Ancient towers of Great Yarmouth town wall could be converted into holiday homes

The remains of the medieval town wall in Great Yarmouth.
The tower.

Picture: James Bass The remains of the medieval town wall in Great Yarmouth. The tower. Picture: James Bass

Thursday, March 6, 2014
2:24 PM

Plans to transform the ancient medieval towers of Great Yarmouth town wall into unusual holiday accommodation are taking shape.

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The remains of the medieval town wall in Great Yarmouth.

Picture: James BassThe remains of the medieval town wall in Great Yarmouth. Picture: James Bass

It is claimed that historic Yarmouth has the second best preserved medieval town wall in England, after York.

Great Yarmouth Preservation Trust is about to submit plans to convert the south east tower off Trinity Place into a unique holiday home, which they hope will attract heritage tourists to stay over while visiting the borough.

If it proves popular with history fans, Great Yarmouth Borough Council - which owns 10 of the 11 surviving towers - hopes to continue to work with the trust to convert some of the others, seven of which have remained largely intact and are currently unoccupied.

The move will support the borough council’s emerging new Cultural Heritage Strategy for 2014 to 2019 which will guide how to best invest in and promote the area’s history and traditions.

The town wall, a Scheduled Ancient Monument, traces its origins to 1261 when King Henry III granted permission to enclose the town with a wall and ditch.

It took years to complete – the main work was finished in 1346 but continued until about 1400. The fortification, which was last manned during the English Civil War, was more than 23 feet high and 2,280 yards long, with 10 gates and 16 towers.

GYBC has earmarked about £100,000 to convert the five-storey south east tower, which was constructed during the 14th century and has been deemed as being most at-risk, followed by the north west tower near the White Swan pub.

It is hoped the first conversion will be completed by the summer.

Darren Barker, the borough council’s principal conservation officer and the preservation trust’s project officer, said: “This conversion is a hugely exciting project, which aims to bring some of the borough’s medieval heritage back into use, attract more heritage tourists to the borough, and thus support the local economy.

“The ethos of all work will be light-touch, preserving the historic charm and character for holidaymakers.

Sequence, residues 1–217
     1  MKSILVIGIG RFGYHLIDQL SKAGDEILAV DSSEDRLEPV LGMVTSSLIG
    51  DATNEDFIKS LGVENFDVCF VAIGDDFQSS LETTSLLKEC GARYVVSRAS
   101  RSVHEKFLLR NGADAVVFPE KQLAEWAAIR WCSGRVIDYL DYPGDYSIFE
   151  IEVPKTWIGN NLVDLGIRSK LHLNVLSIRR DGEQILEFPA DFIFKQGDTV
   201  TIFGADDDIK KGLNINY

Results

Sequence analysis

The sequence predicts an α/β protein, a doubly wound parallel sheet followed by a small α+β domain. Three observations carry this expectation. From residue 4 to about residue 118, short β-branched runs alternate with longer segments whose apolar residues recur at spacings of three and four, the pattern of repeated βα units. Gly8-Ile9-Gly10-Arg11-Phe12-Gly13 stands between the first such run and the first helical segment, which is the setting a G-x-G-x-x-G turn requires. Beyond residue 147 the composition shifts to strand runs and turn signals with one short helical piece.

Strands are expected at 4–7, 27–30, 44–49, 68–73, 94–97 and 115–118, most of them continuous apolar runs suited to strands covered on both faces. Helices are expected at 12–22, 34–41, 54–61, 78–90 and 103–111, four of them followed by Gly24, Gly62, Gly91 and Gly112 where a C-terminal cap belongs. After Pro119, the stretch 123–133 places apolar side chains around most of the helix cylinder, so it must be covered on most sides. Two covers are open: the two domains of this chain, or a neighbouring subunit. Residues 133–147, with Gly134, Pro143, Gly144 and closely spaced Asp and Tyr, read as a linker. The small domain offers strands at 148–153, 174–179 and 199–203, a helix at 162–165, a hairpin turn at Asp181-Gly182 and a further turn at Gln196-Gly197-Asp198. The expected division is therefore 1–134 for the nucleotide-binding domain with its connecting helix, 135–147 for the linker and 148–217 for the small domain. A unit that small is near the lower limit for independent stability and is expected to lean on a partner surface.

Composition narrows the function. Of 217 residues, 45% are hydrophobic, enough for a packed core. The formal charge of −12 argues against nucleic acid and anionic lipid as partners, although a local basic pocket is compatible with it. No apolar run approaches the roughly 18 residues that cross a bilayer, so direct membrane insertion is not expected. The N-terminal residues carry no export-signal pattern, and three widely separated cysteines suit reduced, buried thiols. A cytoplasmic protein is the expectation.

“And the South East Tower is perfectly situated for heritage tourists – very close to the Potteries Museum, Time and Tide Museum, historic South Quay, and the King Street area.”

Top 10 heritage sites of Great Yarmouth.

The proposal is to convert the south east tower to include a living room on the top floor, a kitchen on the fourth floor, a bedroom on the third floor, another bedroom on the groundfloor, and a bathroom in the sub-basement.

The tower, last used by the nearby Potteries Museum some years ago, has changed little over the centuries, still boasting arrow-slits, a stone basement well, and a balcony offering views across Yarmouth to the seafront. It is set in one of the best-preserved sections of the wall.

Cllr Bernard Williamson, cabinet member for regeneration and transformation and chairman of the preservation trust, said: “The borough council will continue to promote our fantastic beaches, great attractions and our varied entertainment, but the conversion of the towers is another way to further broaden the tourism offer.

“We have a good selection of holiday parks and B&Bs, but a medieval defensive tower is a more fitting base from which to explore the borough’s heritage gems, which are sometimes overlooked by residents and visitors.

“And I am sure that a short break in one would prove popular with history fans, bringing more money into the local economy and extra funds to help the borough council to maintain the wall itself.”

Rich history of Yarmouth to boost tourism across east Norfolk.